RECOVERY STORY OF THE MONTH
Sobriety Date: June 2, 2021
Hi, my name is Kelsey and I’m an alcoholic. I have a sobriety date of June 2, 2021. I’m 30 years old. I have a sponsor, a home group, and a higher power of my understanding — which is not something I ever thought I would say. For a long time, I believed that life had no meaning and I believed that my time on this Earth would never amount to anything. Thankfully, the program of Alcoholics Anonymous would show me that I can do things I never thought I could do and be someone I never thought I could be.
I grew up in Broadview Heights, OH. I had a normal childhood for the most part. I had a lot of friends, I played sports, I was a very active, fun-loving kid. My home life was dysfunctional, but I know today that that isn’t the reason why I’m an alcoholic. I believe that I was born an alcoholic. Some of my earliest memories are of alcoholic behaviors like lying and manipulating. I never felt comfortable in my own skin, and I had what felt like a giant void inside me from a very young age. I turned to drugs and alcohol over the years to help cope with all of that — and as the Big Book tells me, I am an alcoholic because of what happens to me when I put those substances in my system. I lose all control.
I took my first drink at the age of 12. I acted out a lot at school, I failed all my classes, I practically lived in detention. And this behavior continued to an extent through high school. In high school, my drinking was basically just on the weekends, but I smoked weed every day, as much as possible. It was all I cared about. For Senior Superlatives, I was voted Smartest Slacker. And that was the epitome of who I was. I was an incredibly intelligent young woman with all the potential in the world to be anyone I wanted to be, and I couldn’t have cared less. All I cared about was doing what I wanted to do, when I wanted to do it. There was no telling me anything. And I stayed stuck in these ways well into my adult years.
I had no dreams, goals, ambitions. My life was going nowhere.
The summer after high school was when my drinking and drug use really progressed. From the ages of 18 to 25, my life was a vicious cycle of partying, black outs, sleeping most of the day away, barely making it through the parts of the day I was awake, and going out at night and doing it all over again. I couldn’t keep jobs. I failed out every time I attempted to go back to school. I had no dreams, goals, ambitions. My life was going nowhere. I even moved across the world to Europe, for a year, in a desperate attempt to find myself and find some fulfillment in life — but I took all those bad habits with me, and I was in an even worse place out there than I was at home.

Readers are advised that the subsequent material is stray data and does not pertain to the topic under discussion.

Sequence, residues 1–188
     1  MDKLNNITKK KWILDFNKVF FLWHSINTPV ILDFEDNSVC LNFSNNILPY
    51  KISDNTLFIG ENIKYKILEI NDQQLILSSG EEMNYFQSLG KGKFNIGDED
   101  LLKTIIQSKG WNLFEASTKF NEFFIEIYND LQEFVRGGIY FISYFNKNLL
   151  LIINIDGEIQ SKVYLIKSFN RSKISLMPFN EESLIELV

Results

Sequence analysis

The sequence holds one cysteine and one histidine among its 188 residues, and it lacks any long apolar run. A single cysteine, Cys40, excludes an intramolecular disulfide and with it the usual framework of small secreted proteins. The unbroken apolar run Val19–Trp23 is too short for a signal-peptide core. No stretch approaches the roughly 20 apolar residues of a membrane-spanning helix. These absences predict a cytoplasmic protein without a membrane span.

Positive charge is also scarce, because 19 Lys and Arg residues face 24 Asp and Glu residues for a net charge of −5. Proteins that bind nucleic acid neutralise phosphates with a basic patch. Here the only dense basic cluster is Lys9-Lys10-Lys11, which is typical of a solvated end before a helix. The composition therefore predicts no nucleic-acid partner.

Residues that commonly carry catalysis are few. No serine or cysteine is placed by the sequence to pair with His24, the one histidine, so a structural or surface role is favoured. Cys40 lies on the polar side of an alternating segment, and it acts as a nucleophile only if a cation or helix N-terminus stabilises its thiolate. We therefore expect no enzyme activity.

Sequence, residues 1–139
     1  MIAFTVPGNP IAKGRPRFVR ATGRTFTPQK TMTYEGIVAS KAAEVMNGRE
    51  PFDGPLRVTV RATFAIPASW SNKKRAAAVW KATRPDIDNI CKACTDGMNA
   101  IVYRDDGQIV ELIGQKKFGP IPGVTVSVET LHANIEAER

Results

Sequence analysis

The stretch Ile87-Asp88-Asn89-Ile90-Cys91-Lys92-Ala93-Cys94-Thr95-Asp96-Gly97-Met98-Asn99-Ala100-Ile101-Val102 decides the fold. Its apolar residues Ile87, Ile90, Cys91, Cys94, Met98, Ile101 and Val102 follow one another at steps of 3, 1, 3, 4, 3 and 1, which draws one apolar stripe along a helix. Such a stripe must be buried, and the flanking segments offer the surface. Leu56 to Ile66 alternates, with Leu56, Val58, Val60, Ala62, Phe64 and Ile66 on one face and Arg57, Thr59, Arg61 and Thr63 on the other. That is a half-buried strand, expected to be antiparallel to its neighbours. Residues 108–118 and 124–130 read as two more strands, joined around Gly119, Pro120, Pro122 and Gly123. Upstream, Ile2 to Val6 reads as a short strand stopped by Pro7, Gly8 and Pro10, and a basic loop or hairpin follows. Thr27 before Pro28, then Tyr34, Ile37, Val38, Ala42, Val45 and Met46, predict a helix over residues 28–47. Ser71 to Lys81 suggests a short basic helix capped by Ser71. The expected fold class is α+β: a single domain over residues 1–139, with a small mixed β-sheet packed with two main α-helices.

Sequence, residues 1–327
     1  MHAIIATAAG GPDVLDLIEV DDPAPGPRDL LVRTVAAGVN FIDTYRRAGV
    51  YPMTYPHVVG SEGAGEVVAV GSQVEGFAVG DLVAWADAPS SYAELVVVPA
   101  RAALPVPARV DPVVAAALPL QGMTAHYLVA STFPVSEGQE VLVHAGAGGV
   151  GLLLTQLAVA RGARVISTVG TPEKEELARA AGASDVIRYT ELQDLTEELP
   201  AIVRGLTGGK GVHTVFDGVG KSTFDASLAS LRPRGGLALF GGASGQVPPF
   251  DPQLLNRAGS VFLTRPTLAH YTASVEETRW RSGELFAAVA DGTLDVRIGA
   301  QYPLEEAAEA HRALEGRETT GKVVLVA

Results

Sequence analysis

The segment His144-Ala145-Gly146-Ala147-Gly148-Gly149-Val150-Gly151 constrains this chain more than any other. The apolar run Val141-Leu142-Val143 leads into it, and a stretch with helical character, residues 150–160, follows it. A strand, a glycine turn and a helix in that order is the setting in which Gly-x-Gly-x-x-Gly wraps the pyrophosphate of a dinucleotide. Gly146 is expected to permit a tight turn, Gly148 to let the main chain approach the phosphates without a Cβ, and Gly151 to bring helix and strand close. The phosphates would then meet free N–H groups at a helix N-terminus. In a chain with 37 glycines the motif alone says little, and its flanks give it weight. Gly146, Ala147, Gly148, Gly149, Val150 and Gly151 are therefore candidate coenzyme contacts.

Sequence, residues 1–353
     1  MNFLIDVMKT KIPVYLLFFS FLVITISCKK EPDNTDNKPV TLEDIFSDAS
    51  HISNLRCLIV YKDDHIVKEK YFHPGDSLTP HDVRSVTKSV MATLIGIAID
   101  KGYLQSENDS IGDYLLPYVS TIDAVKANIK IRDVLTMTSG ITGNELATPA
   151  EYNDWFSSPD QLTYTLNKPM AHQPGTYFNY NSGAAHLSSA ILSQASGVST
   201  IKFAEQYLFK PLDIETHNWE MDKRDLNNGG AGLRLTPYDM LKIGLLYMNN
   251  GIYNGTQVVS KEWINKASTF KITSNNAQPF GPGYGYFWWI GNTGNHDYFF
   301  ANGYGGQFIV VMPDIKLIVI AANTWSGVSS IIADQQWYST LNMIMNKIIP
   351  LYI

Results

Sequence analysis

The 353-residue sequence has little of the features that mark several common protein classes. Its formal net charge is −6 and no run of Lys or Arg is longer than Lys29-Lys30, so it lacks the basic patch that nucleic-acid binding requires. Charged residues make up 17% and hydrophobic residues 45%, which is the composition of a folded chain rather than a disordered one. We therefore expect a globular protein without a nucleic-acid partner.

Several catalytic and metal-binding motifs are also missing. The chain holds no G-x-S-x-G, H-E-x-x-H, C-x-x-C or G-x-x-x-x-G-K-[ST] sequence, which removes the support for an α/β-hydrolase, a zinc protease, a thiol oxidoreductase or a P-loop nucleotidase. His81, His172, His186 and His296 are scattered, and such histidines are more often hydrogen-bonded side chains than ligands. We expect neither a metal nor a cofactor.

I came home and went to treatment for the first time. And unfortunately, it was the first of many times. I had many relapses over the next four years. I got pregnant during a brief period of sobriety and when I gave birth to my daughter in April of 2020, I thought that was it — that was my solution. I had never loved anything or anyone more in my entire life. And I believed that the love I had for her would keep me sober. But I learned, in what would be the hardest lesson of my life, that no human power can relieve my alcoholism. No amount of love for anyone else could keep me safe. I had to find a higher power, I had to find meaning in life, and I had to diligently work a program of recovery.
No amount of love for anyone else could keep me safe. I had to find a higher power…
I made the choice to go to the Jean Marie House in June of 2021 and it was the best decision I have ever made. I owe that house more than I could ever repay, for so many reasons. It shaped me into the person I am today, it gave me a beautiful life, incredible friendships, and it taught me what it means to be a sober woman in Alcoholics Anonymous. I was still a spoiled, entitled, irresponsible, 29-year-old child when I first moved into that house, and I left there a strong, responsible, capable adult woman. Being away from my daughter while I was there was hard, but I knew that it was necessary for me to sacrifice that time with her in order to give her the rest of my life, and to become the mother she deserved to have.
Today, I have a life that I can’t even believe is mine. I am consciously grateful of everything I have today because I never want to forget that at one point, it was everything I prayed so hard for. I have a place of my own to call home, an inseparable bond with my daughter, good relationships with my family, financial stability, and most importantly — solid sobriety and genuine happiness. My gratitude for the Jean Marie House and for the program of Alcoholics Anonymous is immeasurable because it made all this possible for me. Now, I do my best to give back what was so freely given to me, and to be the good example like the alumni of Jean Marie were for me when I first came in. It has only been a little over a year and a half since that first day I walked through those doors, and my life has improved so drastically, but the best part is, I know it’s just the beginning.